A Boost for Keeping Menthol Cigarettes Legal
FDA study shows lower risk of dying from lung cancer
Published in CSP Daily News
WASHINGTON -- A Food and Drug Administration scientist has found a lower risk of dying from lung cancer among menthol smokers compared to non-menthol smokers at ages 50 and over, according to a report in the Winston-Salem Journal.
The scientist, Brian Rostron of the FDA's Center for Tobacco Products, studied data of 6,074 smokers from 1987 to 2006, including 1,417 who smoked only menthol cigarettes.
The lower risk of dying from lung cancer was found in all age groups, in men and women, and with black smokers compared with white smokers.
"These results agree with expectations that any association between lung cancer and menthol smoking would be greatest at ages in which smokers have smoked longer and accumulated more pack-years of smoking," Rostron said in a study published in the journal Nicotine & Tobacco Research.
The report adds another layer of complexity to the public-health debate over menthol cigarettes, which are mint-flavored and one of the few growth sectors of the shrinking cigarette business, according to the newspaper report.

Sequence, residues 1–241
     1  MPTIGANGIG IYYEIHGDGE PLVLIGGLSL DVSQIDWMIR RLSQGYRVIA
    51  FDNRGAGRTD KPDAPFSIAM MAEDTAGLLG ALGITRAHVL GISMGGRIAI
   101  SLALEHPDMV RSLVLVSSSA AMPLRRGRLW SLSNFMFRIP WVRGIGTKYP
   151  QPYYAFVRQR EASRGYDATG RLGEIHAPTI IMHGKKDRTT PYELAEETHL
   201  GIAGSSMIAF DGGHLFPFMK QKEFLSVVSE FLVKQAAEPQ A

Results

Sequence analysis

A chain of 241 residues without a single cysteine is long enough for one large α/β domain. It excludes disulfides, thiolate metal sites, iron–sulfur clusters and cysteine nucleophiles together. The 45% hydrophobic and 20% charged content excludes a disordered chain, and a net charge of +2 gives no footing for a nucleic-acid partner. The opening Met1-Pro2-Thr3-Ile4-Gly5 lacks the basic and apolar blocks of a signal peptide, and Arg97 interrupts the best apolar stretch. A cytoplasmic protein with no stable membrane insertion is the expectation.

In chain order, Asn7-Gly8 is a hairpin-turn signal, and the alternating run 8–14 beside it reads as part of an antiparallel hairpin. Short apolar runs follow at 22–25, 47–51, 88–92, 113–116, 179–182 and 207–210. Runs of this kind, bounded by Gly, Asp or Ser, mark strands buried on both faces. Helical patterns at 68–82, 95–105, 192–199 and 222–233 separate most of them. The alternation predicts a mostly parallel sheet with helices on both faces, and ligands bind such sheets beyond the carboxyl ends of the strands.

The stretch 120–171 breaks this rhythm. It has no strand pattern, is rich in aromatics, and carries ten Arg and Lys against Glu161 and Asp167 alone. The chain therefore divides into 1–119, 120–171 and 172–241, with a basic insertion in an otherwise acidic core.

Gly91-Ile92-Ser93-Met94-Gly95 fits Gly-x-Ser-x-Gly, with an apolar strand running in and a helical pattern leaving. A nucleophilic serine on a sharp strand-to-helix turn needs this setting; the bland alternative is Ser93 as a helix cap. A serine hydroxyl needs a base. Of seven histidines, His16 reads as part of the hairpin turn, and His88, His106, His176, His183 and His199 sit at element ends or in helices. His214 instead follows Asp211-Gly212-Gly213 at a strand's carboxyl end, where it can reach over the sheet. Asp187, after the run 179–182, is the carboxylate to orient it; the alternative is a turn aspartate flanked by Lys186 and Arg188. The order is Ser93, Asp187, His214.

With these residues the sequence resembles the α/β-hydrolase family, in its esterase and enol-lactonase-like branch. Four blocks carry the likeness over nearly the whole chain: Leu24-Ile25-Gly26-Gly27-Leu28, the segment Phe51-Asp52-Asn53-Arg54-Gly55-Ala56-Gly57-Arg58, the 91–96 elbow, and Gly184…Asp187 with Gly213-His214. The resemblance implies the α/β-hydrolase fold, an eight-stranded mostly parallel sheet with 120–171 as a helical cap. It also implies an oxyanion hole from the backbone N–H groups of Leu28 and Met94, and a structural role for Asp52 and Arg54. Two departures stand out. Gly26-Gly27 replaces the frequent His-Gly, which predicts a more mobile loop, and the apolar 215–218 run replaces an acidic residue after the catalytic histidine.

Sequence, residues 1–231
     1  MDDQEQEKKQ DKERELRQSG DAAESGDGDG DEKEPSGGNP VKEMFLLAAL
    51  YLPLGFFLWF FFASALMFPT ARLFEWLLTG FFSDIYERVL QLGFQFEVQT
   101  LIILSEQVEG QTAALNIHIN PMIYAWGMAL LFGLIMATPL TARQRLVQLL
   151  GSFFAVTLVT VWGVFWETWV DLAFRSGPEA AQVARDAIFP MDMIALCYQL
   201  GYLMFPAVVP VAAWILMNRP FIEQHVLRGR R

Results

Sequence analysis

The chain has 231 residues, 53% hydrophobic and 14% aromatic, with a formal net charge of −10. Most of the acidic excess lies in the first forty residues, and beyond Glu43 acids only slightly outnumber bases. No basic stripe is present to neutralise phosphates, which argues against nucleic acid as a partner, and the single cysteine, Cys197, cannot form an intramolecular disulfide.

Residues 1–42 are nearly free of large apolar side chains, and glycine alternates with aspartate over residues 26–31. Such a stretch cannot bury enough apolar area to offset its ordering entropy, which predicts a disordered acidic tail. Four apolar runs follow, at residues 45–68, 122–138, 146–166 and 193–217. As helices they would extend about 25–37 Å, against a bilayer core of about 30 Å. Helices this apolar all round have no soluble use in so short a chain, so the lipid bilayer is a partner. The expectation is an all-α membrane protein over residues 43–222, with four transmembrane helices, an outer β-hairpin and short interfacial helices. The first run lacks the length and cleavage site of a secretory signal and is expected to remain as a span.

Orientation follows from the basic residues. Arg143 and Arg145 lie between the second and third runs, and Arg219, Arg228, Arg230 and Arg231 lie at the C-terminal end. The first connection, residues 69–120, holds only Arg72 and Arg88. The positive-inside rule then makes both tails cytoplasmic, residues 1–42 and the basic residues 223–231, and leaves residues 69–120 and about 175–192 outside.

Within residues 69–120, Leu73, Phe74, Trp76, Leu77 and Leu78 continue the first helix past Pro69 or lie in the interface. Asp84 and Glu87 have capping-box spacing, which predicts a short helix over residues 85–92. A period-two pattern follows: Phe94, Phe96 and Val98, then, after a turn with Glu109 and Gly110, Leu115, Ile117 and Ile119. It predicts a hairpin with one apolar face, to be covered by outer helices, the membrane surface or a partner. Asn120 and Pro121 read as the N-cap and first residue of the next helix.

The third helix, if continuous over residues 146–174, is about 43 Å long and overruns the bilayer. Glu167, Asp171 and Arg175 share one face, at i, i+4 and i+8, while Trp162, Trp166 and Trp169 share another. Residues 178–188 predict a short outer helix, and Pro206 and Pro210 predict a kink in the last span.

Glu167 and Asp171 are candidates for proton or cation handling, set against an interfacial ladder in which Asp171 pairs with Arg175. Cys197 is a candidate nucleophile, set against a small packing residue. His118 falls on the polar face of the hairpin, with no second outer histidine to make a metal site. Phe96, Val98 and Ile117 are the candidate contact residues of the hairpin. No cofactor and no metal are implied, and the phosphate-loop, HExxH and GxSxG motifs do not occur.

The FDA in June began an independent review of research following a report from its Tobacco Products Scientific Advisory committee that recommends a ban of menthol cigarettes.
The committee said the flavoring has led to an increase in smokers--particularly among teens, African-Americans and those with low incomes. It also said menthol flavoring makes it harder for them to quit.
A menthol ban or other restrictions on the cigarettes would fall heavily on Lorillard Inc., whose Newport brand is the top-selling U.S. menthol cigarette at 35% of the market.
"The public-health implications of any decreased lung cancer risk of menthol smoking compared with non-menthol smoking, if ever conclusively demonstrated, are inevitably problematic," Rostron said. "Smoking of any kind of cigarette is known to profoundly harm individual and population health.
"Further study is needed into possible explanations for the observed association and the public-health impact of potential reasons for it. This research could potentially identify ways to decrease the individual risk of cigarettes."